“What will become of traditional professionals, such as engravers and providers of machining services? Will they still have work?”
By Itamar Yona
Questions such as “what will become of traditional professionals in the 3D printing era?” are regularly asked by audiences in my lectures about digital manufacturing and 3D printing. The answer is that the use of innovative 3D printing technology and related developments may indeed make some traditional jobs redundant, yet they will also usher in an entirely new generation of professionals, or make traditional professionals embrace new tools and technologies.
“What will become of traditional professionals in the 3D printing era?”
Having grown up in our family printing business, my roots are in conventional and digital printing. I remember our very talented graphic artist preparing beautiful mock-ups. He used to glue letters, mix colours and draw sketches, using various rulers and a pair of compasses, while also working with paint, brushes and worksheets. The advent of the first small Macintosh computers and the emergence of modern graphic designers, providing computer graphics services, did not deflect him from his course. He went on using his old methods. Yet, these methods were gradually becoming obsolete and irrelevant. By now, computer graphics have become the primary tool of the graphic arts industry. The ship has sailed for those who have failed to adopt them: the industry has moved on without them.
It is important to know the additive manufacturing processes open up many opportunities for you to develop yourself and remain essential in the modern world.
It is well known that the 3D printing process consists of five main steps:
3. Preparation for printing
5. Post-processing – enhancements (sanding, painting, colorizing)
Each of these steps requires careful study, delving into details, and learning from experience. Knowing that 3D printing is a process that transforms a digital model into a physical object, we can obtain an understanding of the various needs and actions involved. These will determine the required job profiles: technical and application-related.
Engineering and design
For the most part, the professional tasks involved in 3D printing relate to the disciplines of engineering and design. Therefore, it is recommended to enhance one’s personal knowledge and engineering background as much as possible, with an emphasis on mechanical engineering and industrial design.
Product development involves aspects from various fields of engineering, integrating electrical engineering, mechanics, and design. Each of these three worlds leads on to other disciplines. For example, in designing a package for an electrical circuit product, one should understand the process of manufacturing the package, as well as exposure to high temperatures, electromagnetic noise filtering and UV resistance.
Today already, the additive manufacturing industry requires professionals specializing in mechanical engineering, electronic engineering, product engineering, CAD, quality assurance, service engineering and so on. In addition, software and hardware specialists are needed to provide operating and maintenance services for the machines themselves.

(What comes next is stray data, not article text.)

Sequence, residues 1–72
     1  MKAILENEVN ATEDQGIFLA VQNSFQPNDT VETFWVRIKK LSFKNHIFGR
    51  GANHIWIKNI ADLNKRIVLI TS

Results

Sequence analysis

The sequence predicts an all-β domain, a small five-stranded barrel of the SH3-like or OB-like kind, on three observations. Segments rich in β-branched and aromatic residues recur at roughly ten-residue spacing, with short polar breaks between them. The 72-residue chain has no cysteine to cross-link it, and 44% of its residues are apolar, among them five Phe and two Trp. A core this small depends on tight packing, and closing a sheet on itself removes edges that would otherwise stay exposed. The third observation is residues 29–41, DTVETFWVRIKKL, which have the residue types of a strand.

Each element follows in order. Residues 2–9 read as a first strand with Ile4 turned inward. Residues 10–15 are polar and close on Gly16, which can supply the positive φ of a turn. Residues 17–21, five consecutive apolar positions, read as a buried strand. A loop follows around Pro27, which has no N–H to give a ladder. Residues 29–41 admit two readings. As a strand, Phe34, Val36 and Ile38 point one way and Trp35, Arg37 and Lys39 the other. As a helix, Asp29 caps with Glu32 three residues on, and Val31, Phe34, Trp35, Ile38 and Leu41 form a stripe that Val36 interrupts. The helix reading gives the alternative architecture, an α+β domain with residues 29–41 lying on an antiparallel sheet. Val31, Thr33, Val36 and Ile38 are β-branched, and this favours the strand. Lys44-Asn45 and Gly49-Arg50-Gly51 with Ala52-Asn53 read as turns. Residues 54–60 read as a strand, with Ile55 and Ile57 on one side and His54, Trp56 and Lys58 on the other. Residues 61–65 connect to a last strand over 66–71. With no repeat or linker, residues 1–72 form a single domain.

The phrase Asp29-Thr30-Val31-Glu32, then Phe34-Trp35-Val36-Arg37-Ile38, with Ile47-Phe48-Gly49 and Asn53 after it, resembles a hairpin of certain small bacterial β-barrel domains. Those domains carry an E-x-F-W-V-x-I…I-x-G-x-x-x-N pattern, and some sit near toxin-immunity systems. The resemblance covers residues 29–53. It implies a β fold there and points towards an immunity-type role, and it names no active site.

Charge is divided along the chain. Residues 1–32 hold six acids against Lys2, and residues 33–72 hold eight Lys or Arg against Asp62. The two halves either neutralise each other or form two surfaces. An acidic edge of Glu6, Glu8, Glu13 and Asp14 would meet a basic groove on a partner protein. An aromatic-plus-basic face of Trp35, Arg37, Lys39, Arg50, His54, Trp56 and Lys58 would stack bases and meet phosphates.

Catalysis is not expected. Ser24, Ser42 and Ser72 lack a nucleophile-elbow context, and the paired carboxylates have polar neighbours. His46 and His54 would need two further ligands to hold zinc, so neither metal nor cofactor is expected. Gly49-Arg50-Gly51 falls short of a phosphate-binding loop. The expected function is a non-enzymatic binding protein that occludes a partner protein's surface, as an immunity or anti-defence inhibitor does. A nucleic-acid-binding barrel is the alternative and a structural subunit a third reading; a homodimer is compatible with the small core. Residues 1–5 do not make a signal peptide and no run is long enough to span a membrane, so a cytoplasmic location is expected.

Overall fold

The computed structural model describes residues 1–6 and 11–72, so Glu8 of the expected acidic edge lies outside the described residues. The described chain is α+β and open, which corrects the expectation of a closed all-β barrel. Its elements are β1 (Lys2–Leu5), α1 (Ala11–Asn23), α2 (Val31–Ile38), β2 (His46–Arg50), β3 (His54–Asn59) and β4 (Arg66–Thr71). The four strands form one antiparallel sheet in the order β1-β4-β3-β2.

The capabilities of the printers and materials, combined with high accessibility, virtually eliminate the gap between engineers and design professionals.
Meet Itamar Yona
My name is Itamar Yona from Aviv3D which is located in Israel. I’m an electrical engineer and the third generation in my family business of 2D printing, marketing and publishing in Israel. Our company took 3D printing technology on board, having realized the rapid progress of this technology in all fields of life.
Aviv3D offers Additive Manufacturing Services, Engineering Advice and 3D printing support using a wide range of technologies.
In my blog posts, I like to share legacy insights and my own experience about how to use additive manufacturing technologies, and the added value 3D printing offers in our daily business life.
I will provide you with knowledge and tactical information which will help you make the right decisions.
But additive manufacturing also impacts other fields: software, materials, advertising, law and operations. Each of these fields require an understanding of the development and production processes involved, so customers can be served in the best possible way.
For example, the legal field is of great interest to 3D printing, because there are a lot of unresolved issues concerning intellectual property or protection against faulty design or manufacturing. Other examples can be found in the areas of materials and chemistry. Developing polymers and digital materials with different mechanical characteristics requires further careful study and research.
Use your imagination
A thorough grasp of the STEAM competencies (Science, Technology, Engineering, Arts and Mathematics) will enable professionals to be more flexible, dynamic, creative and committed to the development processes. Understanding processes and creating a common professional language will assist the various specialists in understanding each other on their route to producing a perfect product.
Bringing a good dose of imagination to the potential of 3D printing, we might even envisage a chef using digital tools to create a new recipe. Today, printing edible materials is already a possibility. Who knows, maybe in a few years we will be able to download a culinary drawing by Asaf Granit, an Israeli chef, from the Internet?
One day, sooner than we may think, an architect based on the moon might need to remotely monitor the operations of a printer sent to Mars. The purpose of that printer? Building a housing project for a future colony on Mars.
The gift of prophecy was given to fools and infants, or so a Jewish saying goes. Yet science fiction movies have inspired the development of various technologies. Prepare now by adding 3D printing capabilities to your toolset!